A couple of years ago, I realized that I struggled with co-dependency. I have probably struggled with co-dependency most of my life. I still struggle with it now. The co-dependency definition that closely relates to me is a pattern of behavior in which you find yourself dependent on approval from others for your self-worth and identity.
Edward Welch wrote a book called When People Are Big and God Is Small. I have read this book a couple of times. The book really spoke to me about my struggles with needing people. “I suddenly realized that I had mutated into a walking love tank, who was empty inside and looking for someone to fill me” (Welch, 1997, p.13). I can identify strongly with that statement. The statement reflects our dependence for people to meet our wants and needs. There are many different reasons for this dependence such as acceptance, praise, fear, and awe from others. I was lonely in high school due to my lack of friends. When I started making friends, then I enjoyed that feeling of being accepted and valued by people. I desired that acceptance, support, and love from people constantly. I realized that I depended on my friend’s acceptance and praise.
Sometimes I wonder how I became so insecure about myself. I continually struggle with these insecure thoughts and feelings. Romans 3:23 states that “For all have sinned and fallen short of the glory of God”. We are bound to feel insecure about ourselves due to our sinful nature. When we compare ourselves to God, then it is inevitable for us to feel inferior. Nobody is perfect. Adam and Eve were the first to experience these feelings, when they ate from the Garden of Eden. “Then the eyes of both of them were opened, and they knew that they were naked; and they sewed fig leaves together made themselves loin coverings. They heard the sound of God walking in the garden in the cool of the day, and the man and his wife hid themselves from the presence of the Lord God among the trees of the garden” (Genesis 3:7-8).
Once Adam and Eve committed the first sin of humanity, then they started to feel insecure about themselves. They would cover themselves to compensate for their own inadequate feelings before God and each other. There is going to be a natural fear of God and man due to our imperfection. “Because of sin still present within us, we experience embarrassment, shame, the feeling of being exposed and vulnerable” (Welch, 1997, p.37). It is normal to feel insecure. Naturally we are going to find ways to fill that insecurity.
I developed a pattern of expecting and yearning for encouragement and praise from my family, friends, and others. I thought it was justified because I was being such a “good” person and doing “good” things for them. When a part of me was doing it for myself. I realized that I was being selfish and prideful. “Do nothing from selfishness or vain conceit, but with humility of mind regard one another as more important than yourselves; do not merely look out for your own personal interests, but also for the interests of others. Have this attitude in yourselves which was also in Christ Jesus” (Philippians 2:3-5).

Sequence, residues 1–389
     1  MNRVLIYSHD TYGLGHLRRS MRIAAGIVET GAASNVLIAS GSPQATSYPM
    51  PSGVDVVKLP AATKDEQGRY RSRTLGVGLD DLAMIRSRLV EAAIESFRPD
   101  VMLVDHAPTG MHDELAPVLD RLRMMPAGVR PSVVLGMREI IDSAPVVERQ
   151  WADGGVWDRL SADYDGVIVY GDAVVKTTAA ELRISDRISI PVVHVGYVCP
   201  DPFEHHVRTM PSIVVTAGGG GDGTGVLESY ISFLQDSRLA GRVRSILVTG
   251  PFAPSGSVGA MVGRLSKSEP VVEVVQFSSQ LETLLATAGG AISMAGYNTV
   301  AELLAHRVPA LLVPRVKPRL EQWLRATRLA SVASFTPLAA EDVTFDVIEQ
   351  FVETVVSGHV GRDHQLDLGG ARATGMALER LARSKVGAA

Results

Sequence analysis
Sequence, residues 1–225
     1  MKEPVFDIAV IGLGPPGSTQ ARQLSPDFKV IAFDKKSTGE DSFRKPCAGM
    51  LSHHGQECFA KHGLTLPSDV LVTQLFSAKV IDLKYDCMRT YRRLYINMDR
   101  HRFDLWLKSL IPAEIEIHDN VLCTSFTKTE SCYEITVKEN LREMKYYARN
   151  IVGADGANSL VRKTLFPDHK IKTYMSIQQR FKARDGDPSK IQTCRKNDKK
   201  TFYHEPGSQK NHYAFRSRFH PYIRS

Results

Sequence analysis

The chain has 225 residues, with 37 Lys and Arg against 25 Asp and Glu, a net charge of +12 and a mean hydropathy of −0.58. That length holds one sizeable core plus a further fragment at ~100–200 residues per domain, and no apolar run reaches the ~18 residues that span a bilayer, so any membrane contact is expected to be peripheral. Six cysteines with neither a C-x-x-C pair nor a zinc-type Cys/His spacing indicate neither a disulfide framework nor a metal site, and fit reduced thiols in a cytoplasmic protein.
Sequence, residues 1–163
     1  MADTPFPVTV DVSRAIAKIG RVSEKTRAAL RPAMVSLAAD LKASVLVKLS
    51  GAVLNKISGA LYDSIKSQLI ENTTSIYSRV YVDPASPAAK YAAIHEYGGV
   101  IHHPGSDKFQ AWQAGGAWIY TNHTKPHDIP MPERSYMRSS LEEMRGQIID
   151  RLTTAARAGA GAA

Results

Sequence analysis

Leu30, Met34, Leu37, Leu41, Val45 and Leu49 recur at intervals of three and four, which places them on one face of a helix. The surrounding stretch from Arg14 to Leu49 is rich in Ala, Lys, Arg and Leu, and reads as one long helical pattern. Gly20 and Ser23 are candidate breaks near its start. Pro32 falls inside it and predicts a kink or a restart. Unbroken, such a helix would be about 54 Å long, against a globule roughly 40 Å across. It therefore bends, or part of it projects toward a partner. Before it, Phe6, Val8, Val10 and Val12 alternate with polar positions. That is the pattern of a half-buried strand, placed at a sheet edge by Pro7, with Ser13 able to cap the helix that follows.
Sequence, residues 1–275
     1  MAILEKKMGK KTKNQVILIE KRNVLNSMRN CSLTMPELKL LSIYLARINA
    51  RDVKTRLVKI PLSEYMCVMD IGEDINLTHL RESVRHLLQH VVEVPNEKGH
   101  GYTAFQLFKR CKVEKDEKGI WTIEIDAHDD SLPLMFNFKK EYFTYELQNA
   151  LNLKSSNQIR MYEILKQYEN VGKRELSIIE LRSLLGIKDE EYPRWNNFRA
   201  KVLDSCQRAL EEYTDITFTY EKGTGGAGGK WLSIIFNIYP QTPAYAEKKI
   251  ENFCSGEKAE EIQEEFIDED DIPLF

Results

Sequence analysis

When we become Christ followers, we should naturally value others more than ourselves. Ultimately when we serve and encourage others, then we should not expect anything in return. Our motives should be to glorify God.
The issue with codependency is that people need and want people to fill them. People are not capable of filling all of our needs and wants. We may have the most supportive and loving family and friends (I know I do). We need to realize that they can only do so much! They are imperfect too, so it is unfair to have such perfect standards for people. Fortunately we have an opportunity to have a deeper relationship with God our Father who can fill our needs and wants. God knows and loves us. Romans 5:13 “Now may the God of hope fill you with all joy and peace in believing, so that you will abound in hope by the power of the Holy Spirit”.
One of the best things about relationships is witnessing and reflecting upon the growth of those relationships. Sometimes it is hard to see our growth in our relationship with God. The verse reflects on how God can be the one to provide for us. It is important that we invest and trust Him to fill us where we are weak. Sometimes our wants and needs do not meet our expectations. He truly knows what we need. He provides the Holy Spirit to guide us through our time on this Earth.
Co-dependency is a tricky subject because we are designed to have relationships and community with one another. There are times that we do need people to step up and be there for us. There are times where we do need encouragement and acceptance from our family and friends. Community is an essential, powerful, and necessary resource for all believers in Christ.
God designed us to have relationships with one another. “Then the Lord God said, “It is not good for the man to be alone; I will make him a helper suitable for him” (Genesis 2:18). God created Eve, so that Adam would not be alone. God sees value, reason, and purpose in community.
When people become big in our lives, it is because we have made God small. People are going to fail and disappoint us. When we rely on them to be our savior, then we are setting them up for failure. “We need to need people less and love people more” (Welch, 1997, p.167). I am not going to lie to you this is hard to do. There may be times where we love and pour into people. They might not love us back and that is hard to not take personal.
We are called to love people regardless of the results. Jesus set that example for us by dying for our sins. We can take comfort and believe that God will continue to provide and love us according to His will and plan. He knows what is best for us. We need God to be bigger in our lives, which will lead to a more secure purpose and identity in Him.